Thomas Stanley (1485-1521), at the time of the courtship, had only recently succeeded his grandfather as the Earl of Derby in November 1504, as Thomas' father had already died.
Thomas Stanley was betrothed in 1498 to Elizabeth Wells, a granddaughter of King Edward IV and Elizabeth Woodville. An advantageous marriage for the future earl, however as Elizabeth Wells' mother Princess Cecily of York had died in 1498, the betrothal was cancelled as the marriage did not take place. Therefore, in 1504, Thomas Stanley was a young and wealthy nobleman - and quite without a wife. He would have a matrimonial prize among the ladies of the royal court, who would unquestioningly marry well as he had been previously betrothed to a daughter of a king.
It would appear that Catharine of Aragon approved of the match between Maria and Thomas, and wrote to her parents, the King and Queen of Spain, about giving their permission for the marriage to take place. King Henry VII of England also gave his approval for the marriage, however as Maria was a Spanish subject, he chose to leave the decision to the Spanish monarchs.
However, there was someone who was highly opposed to the marriage going ahead; Catharine of Aragon's duenna Dona Elvira Manuel. Elvira wanted Maria to marry her son Inigo Manrique. Inigo was also a member of Princess Catharine's household, as the Master of her Pages. Maria herself was a matrimonial prize, as she was the only child, and heiress, of a wealthy landowner in Spain.
The following letter was written by De Puebla, the Spanish ambassador at the English royal court, to the King and Queen of Spain.
Her Highness the Princess is writing at the present time to your Highnesses ; and, according to what she has told me, it is about a marriage of Doña Maria de Rojas, respecting which I desire to make known to your Highnesses what has taken place. Some few days ago the King's step-father, who was Constable of the Realm and Earl of Derby, died. He left as his heir, a grandson, the son of his eldest son, who is 22 years of age. But, in addition to what he has by right of succession from his father, he inherits from his mother, so that he is, at present, the best match in the kingdom. I have told Doña Rojas she must not venture to conclude such a match without the permission of your Highnesses, telling her what I had done in a similar case. At the same time I have not neglected to learn the wishes of the King of England ; and I find that it is quite certain he desires this marriage more for Doña Maria De Rojas than for any other lady in his kingdom. Notwithstanding, the King does not wish to conclude the matter, excepting with the consent of the family, who make some little difficulties. But even supposing that they might, in the end, consent, I would not meddle in the matter without being first directed by your Highnesses. I entreat your Highnesses, therefore, to inform me what you think will be most for your interests, and if you should decide that I am to conclude this business, it will be necessary to know what will be given with her for a marriage portion, since the property which Doña Maria has in Spain is in the hands of your Highnesses. For, if the future husband of Doña de Rojas should not be able to obtain her property in Spain, this, or any other marriage, would be impossible, even with a man possessed of much less money. 5 Dec 1504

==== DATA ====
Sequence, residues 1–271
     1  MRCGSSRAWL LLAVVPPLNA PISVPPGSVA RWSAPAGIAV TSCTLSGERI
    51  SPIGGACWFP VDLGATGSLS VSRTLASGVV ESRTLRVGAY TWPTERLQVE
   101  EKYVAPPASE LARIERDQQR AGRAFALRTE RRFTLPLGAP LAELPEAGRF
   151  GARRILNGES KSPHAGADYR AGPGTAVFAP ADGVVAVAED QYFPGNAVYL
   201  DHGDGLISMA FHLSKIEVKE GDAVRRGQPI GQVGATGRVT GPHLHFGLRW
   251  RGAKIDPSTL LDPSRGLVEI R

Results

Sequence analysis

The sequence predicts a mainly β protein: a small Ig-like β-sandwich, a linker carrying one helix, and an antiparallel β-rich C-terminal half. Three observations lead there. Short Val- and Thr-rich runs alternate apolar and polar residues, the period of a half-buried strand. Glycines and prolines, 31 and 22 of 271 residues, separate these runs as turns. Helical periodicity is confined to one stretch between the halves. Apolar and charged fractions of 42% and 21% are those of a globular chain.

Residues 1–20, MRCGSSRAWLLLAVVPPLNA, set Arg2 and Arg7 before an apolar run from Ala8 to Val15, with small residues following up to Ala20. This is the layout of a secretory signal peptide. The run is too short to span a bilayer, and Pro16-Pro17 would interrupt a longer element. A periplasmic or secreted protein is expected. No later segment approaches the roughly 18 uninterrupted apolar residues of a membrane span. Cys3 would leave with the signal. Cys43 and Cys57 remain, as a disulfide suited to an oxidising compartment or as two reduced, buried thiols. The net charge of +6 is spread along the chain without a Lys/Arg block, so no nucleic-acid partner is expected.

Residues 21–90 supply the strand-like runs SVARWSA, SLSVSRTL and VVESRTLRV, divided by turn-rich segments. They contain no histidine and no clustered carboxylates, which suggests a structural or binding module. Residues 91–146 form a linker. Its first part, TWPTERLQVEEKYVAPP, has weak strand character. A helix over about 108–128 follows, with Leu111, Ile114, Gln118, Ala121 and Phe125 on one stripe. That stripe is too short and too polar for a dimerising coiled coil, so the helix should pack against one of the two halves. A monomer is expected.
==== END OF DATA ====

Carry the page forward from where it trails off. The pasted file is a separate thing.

It can be presumed that the response from the Spanish monarchs was not one of approval as Maria returned to Spain not long after this letter was sent. She was replaced in her position in Catharine's household by Maria de Salinas. Once back in Spain, Maria was married to Don Alvero de Mendoza y Guzman. The couple had four children together; Luis, Alvero, Ines and Francisca.
It was not long after that Thomas Stanley married, on the 17th December 1505, to Anne Hastings. Thomas and Anne had three children together; Edward, Margaret and John.
Due to Maria's close relationship with Catharine of Aragon during the period of her first marriage to Prince Arthur of England and the few years after, Maria was sought out in Spain for her testimony concerning the divorce of Queen Catharine and King Henry VIII. Maria was questioned via written correspondence from the English royal court to the Lord Mayor of Madrid, near to where Maria was living with her husband and children.